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Drug operation crackdown in Boscombe

Officers in Boscombe have targeted suspected drug dealers and their associated criminality in an operation – with 56 warrants executed in one year.

Operation Crackdown, part of the Dorset Police’s county wide Operation Dismantle, has now been running for one year, with officers utilising community intelligence to target suspected individuals.

Specially trained officers used warrants to search properties believed to be involved in drug activity, and seized any paraphernalia or drug material found.

Chief Inspector Chris Weeks said: “Information gathered by Dorset Police from our communities, partners and officers on patrol made it clear that there was organised illegal drug dealing taking place in Boscombe Central.

“The information we are given is reviewed and then acted upon as soon as is possible.

“Following this positive action, over the past 12 months Dorset Police have executed 56 misuse of drugs warrants. In excess of 65 drug related arrests were made and 11 offenders charged to date.

“In my opinion, the figures alone evidence the fact that we do listen to what our communities tell us and we will always take positive action where there is sufficient evidence to support applications for warrants.

“Hi-visibility foot patrols are tasked daily to focus on anti social behaviour, street drinkers, rough sleepers and open drug dealing in the area. Anti social behaviour has reduced by 260 incidents compared to this time last year.

“Even though, we have seen this reduction, we understand how anti social behaviour can impact on our communities and in response to local concerns we have just achieved a ‘Section 30’ order in Boscombe Central. This legislation will allow us to effectively reduce street drinking and disperse groups of people who would otherwise potentially intimidate members of our community.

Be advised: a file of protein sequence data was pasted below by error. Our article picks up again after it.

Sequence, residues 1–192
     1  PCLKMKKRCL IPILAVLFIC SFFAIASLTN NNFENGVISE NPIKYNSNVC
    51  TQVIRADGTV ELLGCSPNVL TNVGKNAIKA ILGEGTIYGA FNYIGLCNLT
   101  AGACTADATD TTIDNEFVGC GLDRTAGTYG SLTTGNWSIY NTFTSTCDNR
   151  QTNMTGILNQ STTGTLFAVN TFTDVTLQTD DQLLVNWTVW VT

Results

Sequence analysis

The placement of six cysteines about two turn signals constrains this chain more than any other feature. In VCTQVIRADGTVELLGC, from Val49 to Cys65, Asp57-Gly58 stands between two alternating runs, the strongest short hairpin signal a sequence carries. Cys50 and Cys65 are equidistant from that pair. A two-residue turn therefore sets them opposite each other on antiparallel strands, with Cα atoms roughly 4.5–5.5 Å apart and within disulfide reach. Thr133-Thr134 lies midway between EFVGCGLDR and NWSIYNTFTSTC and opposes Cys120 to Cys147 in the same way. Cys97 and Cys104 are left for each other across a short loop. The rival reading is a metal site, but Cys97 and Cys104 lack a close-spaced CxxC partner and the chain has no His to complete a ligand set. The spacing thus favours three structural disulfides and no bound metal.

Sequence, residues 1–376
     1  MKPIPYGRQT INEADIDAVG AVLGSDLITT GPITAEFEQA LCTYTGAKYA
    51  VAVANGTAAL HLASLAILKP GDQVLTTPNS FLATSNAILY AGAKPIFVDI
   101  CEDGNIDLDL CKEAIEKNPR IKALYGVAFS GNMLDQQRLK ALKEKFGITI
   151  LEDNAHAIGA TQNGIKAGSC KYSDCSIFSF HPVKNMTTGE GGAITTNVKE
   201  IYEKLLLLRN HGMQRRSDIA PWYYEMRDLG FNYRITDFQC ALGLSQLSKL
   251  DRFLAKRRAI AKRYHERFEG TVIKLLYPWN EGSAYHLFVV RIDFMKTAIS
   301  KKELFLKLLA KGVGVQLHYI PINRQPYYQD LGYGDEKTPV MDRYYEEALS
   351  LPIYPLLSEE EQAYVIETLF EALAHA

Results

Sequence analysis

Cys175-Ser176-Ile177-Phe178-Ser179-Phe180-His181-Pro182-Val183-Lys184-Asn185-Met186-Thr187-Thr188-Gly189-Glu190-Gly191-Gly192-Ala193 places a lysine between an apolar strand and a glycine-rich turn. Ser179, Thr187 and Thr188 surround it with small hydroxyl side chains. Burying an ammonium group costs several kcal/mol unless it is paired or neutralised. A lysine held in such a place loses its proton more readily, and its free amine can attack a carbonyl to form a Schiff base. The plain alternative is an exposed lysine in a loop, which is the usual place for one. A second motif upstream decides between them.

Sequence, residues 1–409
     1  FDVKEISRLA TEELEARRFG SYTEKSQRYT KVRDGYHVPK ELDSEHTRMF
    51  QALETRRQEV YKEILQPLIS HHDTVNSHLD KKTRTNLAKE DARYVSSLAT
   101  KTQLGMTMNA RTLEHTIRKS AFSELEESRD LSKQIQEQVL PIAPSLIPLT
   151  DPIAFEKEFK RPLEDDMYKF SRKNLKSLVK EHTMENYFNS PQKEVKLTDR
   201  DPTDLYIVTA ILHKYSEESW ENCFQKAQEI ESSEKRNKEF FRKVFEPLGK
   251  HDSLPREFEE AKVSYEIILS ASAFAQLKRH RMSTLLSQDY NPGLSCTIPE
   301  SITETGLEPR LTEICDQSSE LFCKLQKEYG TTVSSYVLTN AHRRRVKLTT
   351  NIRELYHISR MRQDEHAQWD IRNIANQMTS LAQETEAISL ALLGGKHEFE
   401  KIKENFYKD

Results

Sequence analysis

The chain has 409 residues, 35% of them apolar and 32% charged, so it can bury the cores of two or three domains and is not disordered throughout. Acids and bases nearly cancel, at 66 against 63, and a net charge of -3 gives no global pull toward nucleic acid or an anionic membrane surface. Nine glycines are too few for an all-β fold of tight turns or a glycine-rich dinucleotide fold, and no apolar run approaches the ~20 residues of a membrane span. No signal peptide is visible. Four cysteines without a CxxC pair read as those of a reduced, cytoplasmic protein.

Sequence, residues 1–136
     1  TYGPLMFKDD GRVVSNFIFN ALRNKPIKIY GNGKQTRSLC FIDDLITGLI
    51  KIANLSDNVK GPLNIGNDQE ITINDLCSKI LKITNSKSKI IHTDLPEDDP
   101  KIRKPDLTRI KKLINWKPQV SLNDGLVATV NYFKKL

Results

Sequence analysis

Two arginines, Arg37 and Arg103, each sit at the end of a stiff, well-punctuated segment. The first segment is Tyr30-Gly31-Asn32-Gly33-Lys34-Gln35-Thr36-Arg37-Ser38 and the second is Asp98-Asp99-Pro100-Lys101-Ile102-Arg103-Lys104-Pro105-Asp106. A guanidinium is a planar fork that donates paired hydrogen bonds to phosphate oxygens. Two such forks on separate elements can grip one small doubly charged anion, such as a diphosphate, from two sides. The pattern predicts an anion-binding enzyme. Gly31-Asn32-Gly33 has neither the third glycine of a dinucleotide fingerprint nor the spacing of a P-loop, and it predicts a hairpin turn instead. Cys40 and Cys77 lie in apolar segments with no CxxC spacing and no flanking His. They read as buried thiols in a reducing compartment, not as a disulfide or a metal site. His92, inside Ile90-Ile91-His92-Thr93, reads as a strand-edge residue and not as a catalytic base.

“The order is not designed to create an exclusion zone or a curfew area, but is intended to make the area more pleasant for those who live, work and visit. Police will not necessarily disperse people in this area just because they are in a group; it is aimed at giving police additional powers to deal more effectively with groups who decide to cause problems. Anyone who refuses or breaches the notice can be arrested and may be punished on conviction with a custodial sentence of up to three months imprisonment and/or a fine of up to £2,500. 

“In addition to this, we are a few months into a new strategy to remove on street prostitution from Central Boscombe. This has already seen a number of vulnerable female prostitutes going into rehabilitation and 63 men convicted for kerb crawling this year.

“The enhanced policing presence is our business as usual approach and will continue. This style of policing is aimed to reduce anti social behaviour while sending a clear message to those involved in criminality that it will not be tolerated.

“Together with our partners we are positively focused on local concerns with a view to make a real difference now and in the long term.”

Councillor Jane Kelly, Cabinet Member for Partnerships and Regeneration, said: “We are working closely with the police to tackle crime in Boscombe. Unfortunately, there is no one quick fix to make the changes needed to improve Boscombe and this will not happen overnight. That is why the Boscombe Regeneration Partnership are fully committed in the long-term to tackling a number of key issues in the area, including crime, housing, unemployment and education and are fully signed up to making a real difference to Boscombe.

“As a local resident I can say that the area as a whole, is generally a safe place to live but unfortunately we’ve seen a number of incidents take place which is a great shame and over-shadows the positive work that is taking place in Boscombe. We have a strong community spirit in Boscombe with residents and traders who work tirelessly in partnership with the Council and the police to try and make improvements to make the area a better place for residents. We are determined to continue with the good work and we will continue to do all we can to improve the area for people who live, work or visit here.”

Chief Inspector Weeks continued: “Our hard work will continue and I would encourage anyone with concerns to contact their Safer Neighbourhood Team, and anyone who has information about drug offences taking place in their local area to contact Dorset Police immediately on 101, so that we can take action.”

Witnesses and anyone with information should call Dorset Police in confidence on 101. Alternatively, call the free and anonymous Crimestoppers line on 0800 555 111 where mobile phone tariffs may apply.